Gadolinium is a silvery-white, malleable, ductile metallic element of the lanthanide series that has seven natural isotopes and 11 artificial isotopes. It is a Rare Earth Element (REE) with paramagnetic properties.  On the Periodic Table its symbol is Gd and its atomic number is 64; atomic weight 157.25; melting point 1,312°C; boiling point approximately 3,000°C; specific gravity from 7.8 to 7.896; valence 3. Gadolinium is one of 15 metallic chemical elements known as the Lanthanide Series.

Gadolinium was discovered in 1880 by Charles Galissard de Marignac at Geneva. He had long suspected that the didymium reported by Carl Mosander was not a new element but a mixture. His suspicions were confirmed when Marc Delafontaine and Paul-Emile Lecoq de Boisbaudran at Paris reported that its spectral lines varied according to the source from which it came. Indeed, in 1879 they had already separated samarium from some didymium which had been extracted from the mineral samarskite, found in the Urals. In 1880, Marignac extracted yet another new rare earth from didymium, as did Paul-Émile Lecoq de Boisbaudran in 1886, and it was the latter who called it gadolinium.

Gadolinium (Gd3+) has an ionic radius very similar to that of Calcium (Ca2+) which is why Gd3+ is so toxic in biological systems – Gd3+ can compete with Ca2+ in all biological systems that require Ca2+ for proper function and, in doing so, the trivalent Gd3+ ion binds with much higher affinity. Gadolinium is used to improve the heat and corrosion resistance of iron, chromium, and various alloys and in medicine as a contrast medium for magnetic resonance imaging and as a radioisotope in bone mineral analysis.

Production and Properties of Gadolinium

Gadolinium is a constituent in many minerals such as monazite and bastnasite, which are oxides. It is also prepared by reducing anhydrous gadolinium fluoride with calcium metal. The metal is too reactive to exist naturally. Ironically, as noted above, the mineral gadolinite actually contains only traces of Gd. The abundance in the earth crust is about 6. 2 mg/kg. The main mining areas are China, USA, Brazil, Sri Lanka, India and Australia with reserves expected to exceed one million tonnes. World production of pure gadolinium is about 400 tonnes per year. Gadolinium is a silvery-white malleable and ductile rare-earth metal. It crystallizes in hexagonal, close-packed 1- form at room temperature, but, when heated to temperatures above 1235 °C, it transforms into its 2- form, which has a body-centered cubic structure. Gadolinium is a strong reducing agent, which reduces oxides of several metals into their elements.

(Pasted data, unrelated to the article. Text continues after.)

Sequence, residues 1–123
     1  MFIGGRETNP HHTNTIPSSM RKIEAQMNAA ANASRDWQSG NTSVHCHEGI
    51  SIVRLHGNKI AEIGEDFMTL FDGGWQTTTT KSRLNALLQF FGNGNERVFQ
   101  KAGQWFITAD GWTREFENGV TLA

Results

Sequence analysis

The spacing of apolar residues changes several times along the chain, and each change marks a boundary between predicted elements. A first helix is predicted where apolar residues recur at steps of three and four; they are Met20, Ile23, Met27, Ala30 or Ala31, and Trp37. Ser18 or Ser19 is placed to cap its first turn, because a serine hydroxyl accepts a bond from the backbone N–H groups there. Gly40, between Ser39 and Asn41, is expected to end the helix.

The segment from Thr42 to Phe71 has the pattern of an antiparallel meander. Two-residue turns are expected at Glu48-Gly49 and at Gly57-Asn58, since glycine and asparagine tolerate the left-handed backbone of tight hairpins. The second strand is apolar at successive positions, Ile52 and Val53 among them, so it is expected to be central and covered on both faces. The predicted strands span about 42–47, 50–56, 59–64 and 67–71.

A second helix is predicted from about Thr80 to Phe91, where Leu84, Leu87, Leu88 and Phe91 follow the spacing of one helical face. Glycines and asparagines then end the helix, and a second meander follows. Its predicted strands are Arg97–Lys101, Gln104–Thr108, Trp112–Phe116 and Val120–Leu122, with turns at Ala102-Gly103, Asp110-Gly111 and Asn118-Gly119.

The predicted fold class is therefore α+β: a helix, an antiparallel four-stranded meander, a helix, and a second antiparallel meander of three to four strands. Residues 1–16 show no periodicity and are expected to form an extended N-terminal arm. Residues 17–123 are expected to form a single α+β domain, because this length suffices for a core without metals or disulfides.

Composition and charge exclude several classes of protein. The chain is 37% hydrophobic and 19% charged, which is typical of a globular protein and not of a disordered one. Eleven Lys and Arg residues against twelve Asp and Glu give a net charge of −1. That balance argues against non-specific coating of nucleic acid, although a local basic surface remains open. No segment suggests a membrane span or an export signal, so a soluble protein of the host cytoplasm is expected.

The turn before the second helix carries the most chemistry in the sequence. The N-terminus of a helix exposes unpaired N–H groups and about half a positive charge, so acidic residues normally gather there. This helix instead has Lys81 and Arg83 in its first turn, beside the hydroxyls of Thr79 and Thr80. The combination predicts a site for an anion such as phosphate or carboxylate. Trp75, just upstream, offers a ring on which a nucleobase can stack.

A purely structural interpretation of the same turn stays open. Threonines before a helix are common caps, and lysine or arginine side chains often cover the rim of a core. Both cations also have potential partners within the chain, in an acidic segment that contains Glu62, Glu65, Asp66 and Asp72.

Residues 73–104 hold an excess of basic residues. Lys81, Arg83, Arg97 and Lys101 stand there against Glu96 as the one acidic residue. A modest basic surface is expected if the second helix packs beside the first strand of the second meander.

Gadolinium is a soft, bright, and a silvery metal having both the properties called malleable and ductile. It is the 66th element of the periodic table with its symbol being Gd.This is one of the rarely found metals on the earth. It is paramagnetic in nature at the room temperature and is ferromagnetic when cooled or at low temperatures of about 20oc. The Curie point of the metal gadolinium is about 17oc.  Gadolinium has around 27 synthetic isotopes and about 13 number of naturally occurring isotopes.


Uses of Gadolinium

Gadolinium has useful properties in alloys. As little as 1% gadolinium can improve the workability of iron and chromium alloys, and their resistance to high temperatures and oxidation. It is also used in alloys for making magnets, electronic components and data storage disks. Its compounds are useful in magnetic resonance imaging (MRI), particularly in diagnosing cancerous tumours.

The alloys of gadolinium are utilized in the manufacture of magnetic and electronic gadgets such as video recorder, etc. These are highly used in the nuclear power reactors of the nuclear power plants as control rods. The isotope of gadolinium Gd is widely employed in curing tumors and neutron therapy

Gadolinium gallium garnet is used for the imitation of diamonds. The metal is also used for many high-temperature devices as it has good resistivity.



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